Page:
3. Patches should be as small as possible and split among several patch files. It's terribly hard to review huge patches that change thousands of lines.

Sending patches to the developers mailing list

  1. Patches should follow all of the guidelines in this document.
  2. E-mail should include:
    1. The patch (as an attachment, not in the body)
    2. An svn log the reviewer can just copy and paste.
    3. Summary of the patch (what it does, what was the issue and etc.).
    4. A good and descriptive subject line.

Reviewing patches

Feel free to review patches, even if you don't have commit access or you are not a maintainer of the specific piece code. You don't have to be an E-Jedi (master?) to know when a patch includes whitespace errors/compilation warnings or even logic failures. Your review of the patch will speed things up, save time for other people and improve the code quality of E.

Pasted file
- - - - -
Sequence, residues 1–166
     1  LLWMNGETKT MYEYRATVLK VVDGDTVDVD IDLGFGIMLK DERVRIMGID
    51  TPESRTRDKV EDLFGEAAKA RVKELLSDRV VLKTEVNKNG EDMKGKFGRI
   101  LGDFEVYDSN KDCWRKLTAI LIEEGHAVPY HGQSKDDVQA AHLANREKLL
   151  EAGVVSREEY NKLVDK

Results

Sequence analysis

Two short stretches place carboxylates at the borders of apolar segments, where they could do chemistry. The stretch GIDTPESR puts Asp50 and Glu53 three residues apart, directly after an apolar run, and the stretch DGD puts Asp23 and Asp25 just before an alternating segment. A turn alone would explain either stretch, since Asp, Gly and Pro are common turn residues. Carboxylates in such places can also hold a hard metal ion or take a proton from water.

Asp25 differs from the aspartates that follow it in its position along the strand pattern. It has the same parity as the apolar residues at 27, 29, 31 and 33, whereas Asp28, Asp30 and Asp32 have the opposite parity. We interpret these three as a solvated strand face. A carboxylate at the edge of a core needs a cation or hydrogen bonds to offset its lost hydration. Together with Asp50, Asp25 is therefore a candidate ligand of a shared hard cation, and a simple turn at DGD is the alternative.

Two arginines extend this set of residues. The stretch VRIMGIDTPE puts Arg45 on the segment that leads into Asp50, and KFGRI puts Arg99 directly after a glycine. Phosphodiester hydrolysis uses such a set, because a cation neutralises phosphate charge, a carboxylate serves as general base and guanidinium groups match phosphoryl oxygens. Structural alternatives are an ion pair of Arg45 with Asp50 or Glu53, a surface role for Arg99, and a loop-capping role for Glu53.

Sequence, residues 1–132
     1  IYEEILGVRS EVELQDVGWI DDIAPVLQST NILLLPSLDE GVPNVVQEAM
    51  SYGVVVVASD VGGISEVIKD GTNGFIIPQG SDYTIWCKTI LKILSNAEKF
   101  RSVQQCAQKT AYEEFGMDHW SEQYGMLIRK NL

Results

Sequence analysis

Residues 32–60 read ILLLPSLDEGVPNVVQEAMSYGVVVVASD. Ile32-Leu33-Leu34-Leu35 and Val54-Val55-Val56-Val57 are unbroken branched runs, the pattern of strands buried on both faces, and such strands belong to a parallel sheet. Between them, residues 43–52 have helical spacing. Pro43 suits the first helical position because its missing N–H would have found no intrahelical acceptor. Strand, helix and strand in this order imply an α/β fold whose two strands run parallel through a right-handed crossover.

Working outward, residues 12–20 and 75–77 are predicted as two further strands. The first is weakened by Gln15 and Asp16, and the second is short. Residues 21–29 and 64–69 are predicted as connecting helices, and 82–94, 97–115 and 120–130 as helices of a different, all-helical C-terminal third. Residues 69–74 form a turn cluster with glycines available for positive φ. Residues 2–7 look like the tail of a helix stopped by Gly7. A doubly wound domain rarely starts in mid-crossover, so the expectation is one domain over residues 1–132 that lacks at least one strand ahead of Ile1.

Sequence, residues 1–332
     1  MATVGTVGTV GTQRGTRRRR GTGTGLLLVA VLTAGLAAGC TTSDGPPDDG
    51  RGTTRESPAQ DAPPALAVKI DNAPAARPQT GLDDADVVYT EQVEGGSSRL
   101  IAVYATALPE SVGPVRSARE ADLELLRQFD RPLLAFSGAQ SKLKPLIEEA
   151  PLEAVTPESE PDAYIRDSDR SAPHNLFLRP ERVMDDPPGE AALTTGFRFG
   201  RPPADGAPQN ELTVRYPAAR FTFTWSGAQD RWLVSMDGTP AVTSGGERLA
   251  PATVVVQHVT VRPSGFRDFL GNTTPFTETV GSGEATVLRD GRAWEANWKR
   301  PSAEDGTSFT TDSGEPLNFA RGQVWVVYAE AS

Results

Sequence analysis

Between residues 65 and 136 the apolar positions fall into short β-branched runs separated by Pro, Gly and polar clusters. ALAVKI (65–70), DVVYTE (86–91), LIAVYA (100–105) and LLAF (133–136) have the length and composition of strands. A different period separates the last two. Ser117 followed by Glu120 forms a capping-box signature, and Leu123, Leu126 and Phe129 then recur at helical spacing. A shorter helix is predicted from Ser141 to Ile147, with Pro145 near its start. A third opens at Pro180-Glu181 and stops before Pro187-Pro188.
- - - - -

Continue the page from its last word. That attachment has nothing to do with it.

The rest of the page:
Case specific comments

Developers without commit rights

Submit a new bug in phab and send a mail to the mailing list containing a brief explanation and a link to the bug report. If you receive no feedback in the course of 15 days try insisting with another mailing list message.

Warning: mail list strips binary attachments and some clients fail to recognize *.patch and *.diff properly. This is common with GMail and other webmail. Before sending patches, ensure you have the following line in your /etc/mime.types:

text/x-diff  diff patch
Patch file format

Patches are created easily from git, you can simply call git diff > changes.patch to get a patch for changes that have not been staged or git diff --cached > changes.patch if you have staged the changes locally.